Reviewed by Victoria
Sorting through her mother’s things after her death in 2002, Kate Grenville came across an exercise book with her mother’s handwriting in it: ‘I have often thought of writing a book – people do it all the time – it can’t be that hard.’ In fact, all Kate found in the notebook was ‘a mass of fragments’, anecdotes and stories she’d heard her mother recount in her lifetime, about her childhood and the stories of her ancestors. It occurred to Kate, though, reading these notes, that her mother had lived during a period of profound and extraordinary change in 20th century Australia. When her mother was born, there was no free education beyond primary school, hardly any women worked outside the home and if they did, their pay packet was a fraction of their husband’s. By the time Kate herself was growing up, there had been two world wars and a social revolution. She decided to tell the story that her mother had never managed to write, on the grounds that it would be both universal and particular, the story of a lost generation and a way of life that seemed arcane and yet was still available to those with long memories.
And what a story it is. In many ways it begins when Kate Grenville’s grandmother, Dolly, was married off at 29 to her father’s helper on the farm. Albert Russell was a handsome man, large, strong and practical. But Dolly had no desire to marry him; she wanted to train to be a schoolteacher, and when the time came to find a husband she wanted someone more reliable than Bert. But in the end she was obliged to give in to her parents’ wishes and the wedding photo included in the biography says it all. The newlyweds have a foot or two of clear space between them, and Dolly’s thin-lipped, narrow-eyed face is set and grim. Eighteen months or so after the wedding, Dolly discovered papers concerning financial support for an illegitimate child of Bert’s. He’d made one of her mother’s farm workers pregnant and her mother had arranged it all. Dolly was outraged and hurt to think her own mother had tricked her into marriage with this man. She separated from Bert for a while, but they already had one child and how could she manage the farm alone? She took him back, and Kate Grenville’s mother, Nance, was born nine months later.
Nance grew up in a family that was never happy and mostly dispersed. Dolly and Bert were able but restless, and they moved frequently from place to place, running bars and eventually a hotel. By the time Nance was nine she had been to six different schools, several of which had required her to lodge with other families. She longed for stability, for her brothers and her father, for peaceful, ordinary existence. Voicing her feelings once to her mother, Dolly had said scornfully: ‘Oh, you children! You children don’t matter!’ Nance took it to her wounded heart. Her mother was capable of terrifying tempers and she learnt young not to let on how she really felt. There was one stroke of luck, though. For a couple of years she went to St George High School for girls, a government run school that was hard to get into, but her father went and charmed the headmistress. The teaching was excellent, the work demanding and Nance discovered brains she never knew she had. It was clear she was capable of learning a profession, and Dolly decided it for her. She had heard that pharmacy was a good degree for someone of Nance’s circumstances, as it could be undertaken as a three-year apprenticeship with simultaneous university courses. Knowing no better, Nance agreed to it.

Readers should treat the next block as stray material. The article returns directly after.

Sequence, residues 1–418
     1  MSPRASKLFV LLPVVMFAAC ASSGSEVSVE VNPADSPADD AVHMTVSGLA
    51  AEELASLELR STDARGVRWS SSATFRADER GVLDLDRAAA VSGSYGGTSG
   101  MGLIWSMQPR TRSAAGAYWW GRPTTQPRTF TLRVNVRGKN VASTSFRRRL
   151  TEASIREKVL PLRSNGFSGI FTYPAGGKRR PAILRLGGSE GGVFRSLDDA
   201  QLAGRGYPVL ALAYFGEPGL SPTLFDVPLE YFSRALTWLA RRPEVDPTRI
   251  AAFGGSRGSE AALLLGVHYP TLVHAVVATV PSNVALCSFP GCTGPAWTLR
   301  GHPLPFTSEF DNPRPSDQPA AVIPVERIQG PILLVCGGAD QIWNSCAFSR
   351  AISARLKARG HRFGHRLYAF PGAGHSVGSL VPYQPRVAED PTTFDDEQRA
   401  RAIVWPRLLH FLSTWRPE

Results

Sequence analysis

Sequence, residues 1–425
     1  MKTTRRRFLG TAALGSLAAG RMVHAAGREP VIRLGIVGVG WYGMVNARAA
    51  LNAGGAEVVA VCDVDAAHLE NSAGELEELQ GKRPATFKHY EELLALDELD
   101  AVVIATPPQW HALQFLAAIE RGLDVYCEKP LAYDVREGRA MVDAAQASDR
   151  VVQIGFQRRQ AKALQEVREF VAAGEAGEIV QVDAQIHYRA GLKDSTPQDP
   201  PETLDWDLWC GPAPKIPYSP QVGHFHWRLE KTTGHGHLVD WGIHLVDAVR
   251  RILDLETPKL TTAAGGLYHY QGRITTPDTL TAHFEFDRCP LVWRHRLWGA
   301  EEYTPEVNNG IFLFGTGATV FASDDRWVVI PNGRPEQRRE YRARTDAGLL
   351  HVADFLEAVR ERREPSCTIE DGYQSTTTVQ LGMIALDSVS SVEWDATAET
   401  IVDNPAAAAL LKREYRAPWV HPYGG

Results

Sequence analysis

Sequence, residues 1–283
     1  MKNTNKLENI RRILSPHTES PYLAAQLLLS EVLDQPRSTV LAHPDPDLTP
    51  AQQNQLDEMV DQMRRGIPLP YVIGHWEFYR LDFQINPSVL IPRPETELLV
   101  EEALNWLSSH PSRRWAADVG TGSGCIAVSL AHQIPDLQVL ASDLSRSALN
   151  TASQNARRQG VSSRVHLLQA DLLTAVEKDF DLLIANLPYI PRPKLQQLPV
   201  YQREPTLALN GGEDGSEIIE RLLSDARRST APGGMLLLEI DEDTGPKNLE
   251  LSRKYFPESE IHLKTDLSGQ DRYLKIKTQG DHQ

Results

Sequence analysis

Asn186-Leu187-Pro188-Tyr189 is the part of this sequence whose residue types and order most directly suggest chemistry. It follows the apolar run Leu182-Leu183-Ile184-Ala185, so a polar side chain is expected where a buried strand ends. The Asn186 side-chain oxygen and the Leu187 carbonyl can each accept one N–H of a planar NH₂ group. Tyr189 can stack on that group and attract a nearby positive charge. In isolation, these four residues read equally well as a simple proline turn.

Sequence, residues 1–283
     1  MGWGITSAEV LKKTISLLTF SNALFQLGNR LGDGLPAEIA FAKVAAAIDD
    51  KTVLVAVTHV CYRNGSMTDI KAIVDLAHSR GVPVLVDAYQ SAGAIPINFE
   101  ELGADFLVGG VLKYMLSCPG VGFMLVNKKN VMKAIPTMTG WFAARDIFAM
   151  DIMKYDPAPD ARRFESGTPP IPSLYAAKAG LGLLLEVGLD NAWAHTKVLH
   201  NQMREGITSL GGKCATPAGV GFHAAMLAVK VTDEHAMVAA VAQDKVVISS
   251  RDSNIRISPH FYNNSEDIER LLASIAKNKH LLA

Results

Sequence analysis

In fact, she hated it. The days were long and exhausting, the chemistry harder than she expected. It was a drear and loveless life she felt she was living and she still missed her family (yet again, she’d had to move to be closer to the university). She made friends, moved into a boarding house with some of them, but it was desperately hard. She might well have given up, had the Depression not been happening at the same time. Aware she was lucky in comparison to others, she stuck it out.
It took Nance a long time to find love, but finally she married a young solicitor who enthused her with his education and his ideas. Ken was a committed Communist, though his ideals didn’t withstand the physical labour he had to do during the Second World War. The marriage was not unhappy in the way her mother’s had been, but it was a misalliance nevertheless, one in which Nance still felt lacking in ordinary warmth and affection. But she was a woman who was never afraid of hard work in whatever form it took, and she loved her children with a selfless but grounded devotion. She made the best of whatever hand she was dealt by fate.
Kate Grenville’s book is an extraordinary tribute to a wonderful woman, written in a voice that sounds like it really does belong to Nance. It is moving, poignant, tender and luminous, a seamless act of ventriloquism undertaken by a daughter who not only loved her mother but respected and admired her, too. I couldn’t put it down and I didn’t want it to end. It is incredible to think about all that has changed in our daily situation in the past century or so, and frankly, we don’t know we’re born. What would my generation make of the life that Nance had to live? There would, I fear, be much whining and complaining. It’s good for us to be reminded of how grinding hard work and widespread poverty affected our parents and our grandparents. But you don’t read this book for the lesson in social politics it delivers; you read it because it is utterly enthralling, and full of love.
Victoria is one of the editors of Shiny New Books.
Kate Grenville, One Life; My Mother’s Story (Canongate: London, 2015). 978-1782116851, 272 pp., hardback.